The decisive factor in using SEM was to visually evidence the underlying mathematics and structural torsions and twisting of Chantilly lace in close conjunction with the theoretically unfathomable and unimaginable complexity of the silk fibers. The human Chantilly net maker mimics polygonal networks found in nature but in the film, immensely magnified details reveal the lace’s intrinsic “otherness” and silkworm origins. The atoms, molecules and ecosystems deployed by the silk worms appear to operate like forces swelling out into shattered spirals. Each layered image in each scrolling scene of the film was technically drawn line by line by the deflections of a scanning electron beam operating in a vacuum. Each scene is intrinsically an image of lifelessness and the film is like a fossil. Human vision involves the register of light in the retinal nervous system and brain. The non-optical electron materialization of the Chantilly net in the installation alludes to processes of biophysical metamorphosis and other lurking frontier narratives drawn from the contemporary biosciences and synthetic biology. In the biotech context, the chemical co-alliance of humans and the insect species is spectacular in its imagination but in many ways can be seen to follow on from the 5000-year scientific techniques of Sericulture industry in Asian countries. Sericulture refers to the production of silk from the larval cocoon of the silkworm Bombyx mori. The silkworm has biosocial significance and vast economies and whole communities depend on the molecular proteins of its cast off capillary structure. The industrial killing and utilization of the silkworm can make us lose sight of the intrinsic mystery around its morphological developmental stages from egg, larva (caterpillar), pupa (cocoon) to adult moth and the fact that these intricate developmental mechanisms of metamorphosis are little understood by modern life science. Black Lace alludes to the lurking fault lines between nature and culture and the work follows on from my wider research themes that also make cultural and artistic connections to the practices and narratives of contemporary biosciences. The research outcomes represent a unique artistic, experimental approach to scientific imaging methods using Scanning Electron Microscopy (SEM) and fluorescing CLSM (Con-focal Laser Scanning Microscopy) building on paradoxical optical and quantum principles of image processing to forge a synthesis of hidden forms, wavelengths, signals and the instrumentation of matter. The project has resulted in transferable knowledge by extending the experimental use of non-optical microscopy as a “plastic” technical media for the production of art. The project extends the presentation of scientific imaging to encourage public engagement with the physics of non-optical bioimaging concepts and synthetic biology. The research engages in novel imaging production that extends the use of scientific imaging in the production of high-resolution HD video quality moving image display.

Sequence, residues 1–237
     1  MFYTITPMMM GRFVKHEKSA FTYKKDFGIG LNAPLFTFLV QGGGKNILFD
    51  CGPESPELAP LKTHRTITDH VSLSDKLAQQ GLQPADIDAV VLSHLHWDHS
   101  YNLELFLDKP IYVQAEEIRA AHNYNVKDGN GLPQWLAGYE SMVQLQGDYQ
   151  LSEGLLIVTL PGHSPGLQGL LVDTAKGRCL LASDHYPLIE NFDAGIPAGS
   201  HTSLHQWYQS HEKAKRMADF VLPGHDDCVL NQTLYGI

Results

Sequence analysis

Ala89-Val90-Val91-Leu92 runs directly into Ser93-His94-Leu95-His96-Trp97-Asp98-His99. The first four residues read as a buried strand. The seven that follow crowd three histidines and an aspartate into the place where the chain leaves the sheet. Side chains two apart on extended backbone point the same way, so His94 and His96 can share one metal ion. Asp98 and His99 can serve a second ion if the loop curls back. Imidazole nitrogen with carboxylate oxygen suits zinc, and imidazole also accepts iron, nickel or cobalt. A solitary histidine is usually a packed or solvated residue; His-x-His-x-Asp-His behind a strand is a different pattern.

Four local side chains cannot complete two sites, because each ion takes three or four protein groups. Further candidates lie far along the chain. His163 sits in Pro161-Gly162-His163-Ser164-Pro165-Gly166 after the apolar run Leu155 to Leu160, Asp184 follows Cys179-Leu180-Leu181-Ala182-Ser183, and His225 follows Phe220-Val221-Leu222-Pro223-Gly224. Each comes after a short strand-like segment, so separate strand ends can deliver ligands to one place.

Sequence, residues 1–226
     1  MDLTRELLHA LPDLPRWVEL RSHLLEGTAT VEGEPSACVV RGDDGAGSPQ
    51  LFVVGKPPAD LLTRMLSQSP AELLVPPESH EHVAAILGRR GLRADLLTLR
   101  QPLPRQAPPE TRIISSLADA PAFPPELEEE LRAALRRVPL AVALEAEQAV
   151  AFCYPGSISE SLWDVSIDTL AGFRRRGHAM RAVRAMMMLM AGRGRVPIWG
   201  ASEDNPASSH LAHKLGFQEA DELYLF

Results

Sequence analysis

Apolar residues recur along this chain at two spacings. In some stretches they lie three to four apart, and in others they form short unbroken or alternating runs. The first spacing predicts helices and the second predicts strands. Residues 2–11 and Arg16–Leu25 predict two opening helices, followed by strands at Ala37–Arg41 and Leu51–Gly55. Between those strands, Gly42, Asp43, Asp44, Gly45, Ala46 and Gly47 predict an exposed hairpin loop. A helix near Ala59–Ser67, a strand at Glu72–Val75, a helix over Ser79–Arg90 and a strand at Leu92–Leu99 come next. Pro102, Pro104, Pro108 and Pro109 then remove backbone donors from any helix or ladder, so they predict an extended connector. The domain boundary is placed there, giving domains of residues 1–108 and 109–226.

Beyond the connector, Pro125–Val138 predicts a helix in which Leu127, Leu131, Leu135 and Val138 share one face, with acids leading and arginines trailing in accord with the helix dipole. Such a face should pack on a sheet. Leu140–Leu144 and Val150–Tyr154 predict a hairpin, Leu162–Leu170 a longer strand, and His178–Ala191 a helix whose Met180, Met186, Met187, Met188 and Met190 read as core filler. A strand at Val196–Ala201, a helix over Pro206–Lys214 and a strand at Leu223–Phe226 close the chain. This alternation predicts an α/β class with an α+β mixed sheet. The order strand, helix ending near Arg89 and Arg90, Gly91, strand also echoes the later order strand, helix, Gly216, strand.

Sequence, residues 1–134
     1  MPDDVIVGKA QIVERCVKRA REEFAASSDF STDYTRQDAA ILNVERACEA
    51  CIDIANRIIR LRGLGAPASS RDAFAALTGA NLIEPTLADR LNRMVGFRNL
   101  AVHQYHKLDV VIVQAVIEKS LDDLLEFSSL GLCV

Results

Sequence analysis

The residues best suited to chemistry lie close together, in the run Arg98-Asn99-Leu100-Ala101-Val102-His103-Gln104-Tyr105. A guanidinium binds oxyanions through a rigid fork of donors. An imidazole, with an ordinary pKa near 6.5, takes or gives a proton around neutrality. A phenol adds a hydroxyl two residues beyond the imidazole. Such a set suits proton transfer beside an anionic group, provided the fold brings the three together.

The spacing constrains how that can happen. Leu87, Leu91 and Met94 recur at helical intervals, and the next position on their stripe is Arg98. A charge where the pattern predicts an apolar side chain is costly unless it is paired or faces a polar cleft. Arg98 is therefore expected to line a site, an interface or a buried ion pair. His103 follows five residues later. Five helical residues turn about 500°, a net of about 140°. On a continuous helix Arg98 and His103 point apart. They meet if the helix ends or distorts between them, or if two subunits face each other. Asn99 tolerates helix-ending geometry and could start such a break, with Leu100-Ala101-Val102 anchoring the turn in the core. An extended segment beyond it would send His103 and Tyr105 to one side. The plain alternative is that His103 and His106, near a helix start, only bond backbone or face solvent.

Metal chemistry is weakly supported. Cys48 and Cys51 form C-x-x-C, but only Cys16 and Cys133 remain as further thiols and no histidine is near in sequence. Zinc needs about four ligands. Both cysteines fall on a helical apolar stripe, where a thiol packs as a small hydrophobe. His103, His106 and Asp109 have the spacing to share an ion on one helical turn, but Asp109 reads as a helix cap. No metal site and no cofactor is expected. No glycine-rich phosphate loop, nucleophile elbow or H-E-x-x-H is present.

The work aims to provides an accessible public engagement platform for public debate and awareness of ethical and cultural issues arising from the biosciences.

Media:Video Projection and Sound Art
Duration: 8 minute - HD Video 16:9

Sound Z'ev
Editor Simon Allmark

International conference presentation for Crafts Council UK- Framing Dark Space.


Current Projects


Recent on-going artworks are based on an EPRSC funded, Pathways to Impact (PiA) residency at the University of Southampton in the School of Medicine on Stem Cells and Regenerative Medicine exploring the use of stem cells in the area...

Work Black Lace

Produced as part of an international contemporary art and craft exhibition, Black Lace is a site-sensitive video and sound installation commissioned for the UK Crafts Council 50/50 funded international lace textile exhibition, Lost in Lace, for the Birmingham City...

Work Bite Size - Dark Space

Produced for Bite Size, Miniature Textiles an International group-touring exhibition devised by Prof Lesley Millar. Black Lace, Dark Space, is a miniature textile work. A fragment of 19th Century black silk Chantilly lace embedded on metal disk and thinly...

Journal Not Knowing - DNA in Education - APG @ Raven Row

Invitation from artist Barbara Steveni to participate within an international group Sculpture (a term used by the Artists Placement Group in 1971) to denote a discursive/panel/discussion/seminar/conference-like intervention into an exhibition programme as part of the current APG exhibition at Raven...

Journal Crossing Over

Cocoon is a dual video projection installation developed for the context and architectural setting of the glass atrium as part of Crossing Over at the Royal Institution of Great Britain. A series of exhibitions were installed throughout the newly refurbished...